Mental health / wellbeing

Usher syndrome is not a ‘death’ sentence, however for some people with Usher they may feel their life is ‘over’ when they discover their diagnosis or their vision deteriorates or their life changes drastically, for example through medical retirement or redundancy. With the right support such as that offered by the Usher service we can help them to start to ‘rebuild’ their life. This may include a Sense mentor or help from the Sense legal team or signposting to specialist counselling services.

“Uncertainty is a theme underlying all the participants’ experiences of Usher. Predictions have been made, frequently, especially at diagnosis, but in many cases, they have turned out to be inaccurate, or at least inaccurately phrased.” [2]

Professional advice

We work with peers (part of our mentoring project), other organisations such as CI services, deaf charities, educational organisations, medical experts, researchers and research teams and those working in the field.

Sense always celebrates achievements and it is important for people to know that people with Usher can have a good education, go to university, have a good job, own their own property, get married and have children. Usher will not stop them having adventures such as backpacking and travelling around the world, going sky diving, skiing or doing a bungee jump. It is important though for people with Usher to receive factual and good information to help them be better prepared and have different skills ready to control the changes that are to come. In order to adapt to meet their needs and the challenges they face, they have to first accept their Usher. Currently there is no cure despite the medical research happening around the world at present.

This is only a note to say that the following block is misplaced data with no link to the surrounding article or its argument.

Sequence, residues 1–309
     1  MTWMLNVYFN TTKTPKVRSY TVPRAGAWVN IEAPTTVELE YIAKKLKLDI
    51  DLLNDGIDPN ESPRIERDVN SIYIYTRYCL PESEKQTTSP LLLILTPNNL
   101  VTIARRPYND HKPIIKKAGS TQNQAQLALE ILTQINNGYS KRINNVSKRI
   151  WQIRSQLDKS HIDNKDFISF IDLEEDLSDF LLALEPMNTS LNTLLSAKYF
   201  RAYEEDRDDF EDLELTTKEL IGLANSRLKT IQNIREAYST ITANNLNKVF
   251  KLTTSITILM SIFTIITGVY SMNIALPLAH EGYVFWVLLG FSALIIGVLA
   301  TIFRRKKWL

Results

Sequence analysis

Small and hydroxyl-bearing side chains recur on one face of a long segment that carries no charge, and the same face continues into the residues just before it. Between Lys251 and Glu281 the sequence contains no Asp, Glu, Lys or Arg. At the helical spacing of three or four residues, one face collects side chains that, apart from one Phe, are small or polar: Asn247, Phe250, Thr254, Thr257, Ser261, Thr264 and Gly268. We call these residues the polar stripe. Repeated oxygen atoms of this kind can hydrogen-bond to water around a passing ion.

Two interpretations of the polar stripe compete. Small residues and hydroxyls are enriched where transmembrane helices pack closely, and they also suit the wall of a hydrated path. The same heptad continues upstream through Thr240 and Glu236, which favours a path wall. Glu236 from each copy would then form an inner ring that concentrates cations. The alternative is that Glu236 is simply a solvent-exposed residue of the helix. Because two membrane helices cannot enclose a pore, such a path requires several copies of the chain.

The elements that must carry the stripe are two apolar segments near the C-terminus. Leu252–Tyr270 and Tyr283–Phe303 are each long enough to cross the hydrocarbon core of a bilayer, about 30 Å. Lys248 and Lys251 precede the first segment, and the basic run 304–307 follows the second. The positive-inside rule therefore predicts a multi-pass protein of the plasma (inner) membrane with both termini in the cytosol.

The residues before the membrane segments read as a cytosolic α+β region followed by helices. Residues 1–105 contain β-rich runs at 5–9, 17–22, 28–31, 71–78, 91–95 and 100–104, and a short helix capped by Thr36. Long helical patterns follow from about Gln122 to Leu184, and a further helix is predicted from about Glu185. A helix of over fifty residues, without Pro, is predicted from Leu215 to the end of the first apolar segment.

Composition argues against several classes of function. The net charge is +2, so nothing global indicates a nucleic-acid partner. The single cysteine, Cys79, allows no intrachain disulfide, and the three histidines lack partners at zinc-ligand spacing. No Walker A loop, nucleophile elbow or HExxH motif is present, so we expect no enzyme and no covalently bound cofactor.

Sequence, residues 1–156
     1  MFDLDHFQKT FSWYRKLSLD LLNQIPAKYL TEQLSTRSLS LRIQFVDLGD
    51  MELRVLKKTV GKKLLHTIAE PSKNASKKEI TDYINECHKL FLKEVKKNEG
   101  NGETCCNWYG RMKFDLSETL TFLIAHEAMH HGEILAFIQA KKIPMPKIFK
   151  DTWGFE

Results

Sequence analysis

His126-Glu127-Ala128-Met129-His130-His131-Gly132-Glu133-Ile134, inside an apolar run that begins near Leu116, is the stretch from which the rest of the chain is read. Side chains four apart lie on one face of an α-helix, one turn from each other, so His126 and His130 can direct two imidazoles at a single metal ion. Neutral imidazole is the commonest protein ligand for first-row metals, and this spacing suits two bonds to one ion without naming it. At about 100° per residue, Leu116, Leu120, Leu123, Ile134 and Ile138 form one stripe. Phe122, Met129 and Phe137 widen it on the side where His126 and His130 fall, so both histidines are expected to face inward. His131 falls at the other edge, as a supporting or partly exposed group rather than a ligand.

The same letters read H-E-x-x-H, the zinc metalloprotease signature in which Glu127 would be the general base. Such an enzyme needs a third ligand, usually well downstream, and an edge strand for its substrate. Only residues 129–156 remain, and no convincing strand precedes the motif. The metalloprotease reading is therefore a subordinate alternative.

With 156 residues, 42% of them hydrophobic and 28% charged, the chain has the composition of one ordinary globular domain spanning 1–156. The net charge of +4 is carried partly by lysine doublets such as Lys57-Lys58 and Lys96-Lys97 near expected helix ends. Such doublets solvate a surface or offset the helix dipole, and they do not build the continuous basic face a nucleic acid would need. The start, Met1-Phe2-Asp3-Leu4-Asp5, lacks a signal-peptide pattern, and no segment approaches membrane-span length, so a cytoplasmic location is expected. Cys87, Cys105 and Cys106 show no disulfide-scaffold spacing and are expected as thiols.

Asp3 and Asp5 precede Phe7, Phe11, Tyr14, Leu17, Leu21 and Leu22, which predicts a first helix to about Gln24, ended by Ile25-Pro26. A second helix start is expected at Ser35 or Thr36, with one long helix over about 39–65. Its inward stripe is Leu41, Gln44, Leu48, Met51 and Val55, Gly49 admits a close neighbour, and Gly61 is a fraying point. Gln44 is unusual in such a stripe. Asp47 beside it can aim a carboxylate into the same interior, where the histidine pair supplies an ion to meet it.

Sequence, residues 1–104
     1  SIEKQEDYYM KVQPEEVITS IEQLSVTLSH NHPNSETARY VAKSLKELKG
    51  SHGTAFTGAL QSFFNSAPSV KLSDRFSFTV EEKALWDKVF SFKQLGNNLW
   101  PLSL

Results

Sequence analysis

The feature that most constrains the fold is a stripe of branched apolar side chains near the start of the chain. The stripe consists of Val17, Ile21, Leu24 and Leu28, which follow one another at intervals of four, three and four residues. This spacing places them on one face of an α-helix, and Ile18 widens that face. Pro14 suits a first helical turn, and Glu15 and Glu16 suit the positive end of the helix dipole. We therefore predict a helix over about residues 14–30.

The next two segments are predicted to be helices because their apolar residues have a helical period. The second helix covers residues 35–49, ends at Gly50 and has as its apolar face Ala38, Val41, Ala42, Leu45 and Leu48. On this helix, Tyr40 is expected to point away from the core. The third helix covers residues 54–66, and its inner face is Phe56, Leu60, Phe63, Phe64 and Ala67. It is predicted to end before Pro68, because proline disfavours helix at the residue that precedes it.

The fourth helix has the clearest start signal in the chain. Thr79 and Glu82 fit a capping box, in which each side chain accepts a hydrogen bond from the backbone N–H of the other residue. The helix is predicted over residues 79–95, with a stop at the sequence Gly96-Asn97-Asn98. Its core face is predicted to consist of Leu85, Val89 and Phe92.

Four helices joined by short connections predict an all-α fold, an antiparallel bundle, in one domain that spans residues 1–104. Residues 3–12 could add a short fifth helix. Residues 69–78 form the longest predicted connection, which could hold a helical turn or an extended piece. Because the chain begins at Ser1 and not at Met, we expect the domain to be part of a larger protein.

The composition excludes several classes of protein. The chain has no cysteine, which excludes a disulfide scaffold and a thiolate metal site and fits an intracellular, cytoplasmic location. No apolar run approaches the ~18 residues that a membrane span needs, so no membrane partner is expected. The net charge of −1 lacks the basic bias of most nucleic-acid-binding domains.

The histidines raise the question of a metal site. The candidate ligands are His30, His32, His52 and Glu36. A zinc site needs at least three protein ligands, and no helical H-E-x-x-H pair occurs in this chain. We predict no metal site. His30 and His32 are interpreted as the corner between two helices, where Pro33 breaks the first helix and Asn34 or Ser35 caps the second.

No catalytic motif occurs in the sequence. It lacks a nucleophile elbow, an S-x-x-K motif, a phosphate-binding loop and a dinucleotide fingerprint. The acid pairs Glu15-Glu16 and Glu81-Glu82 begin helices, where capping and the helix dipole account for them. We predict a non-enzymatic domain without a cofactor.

1. Usher Positive: Watching Myself Go Blind. 2015;
2. Ellis L, Hodges L. Life and Change with Usher: The experiences of diagnosis for people with Usher syndrome. University of Birmingham Research Report for Sense. Birmingham, UK; University of Birmingham School of Education; 2013.


Declaration of Competing Interests: None declared


Emma Boswell has worked for the charity Sense for the past eight years and her current role is National Usher Co-ordinator where she is responsible for the Usher service team. She has delivered many presentations and training sessions. She has a Deafblind Diploma and is Chair of the International Usher Network at Deafblind International. She has Usher syndrome type 1 and is a bilateral cochlear implant (CI) user. She is married with two young children. In her voluntary work, she is Chair of the Deaf Cancer Support Group.
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Emma Boswell

Sense, 101 Pentonville Road, London, N1 9LG, UK.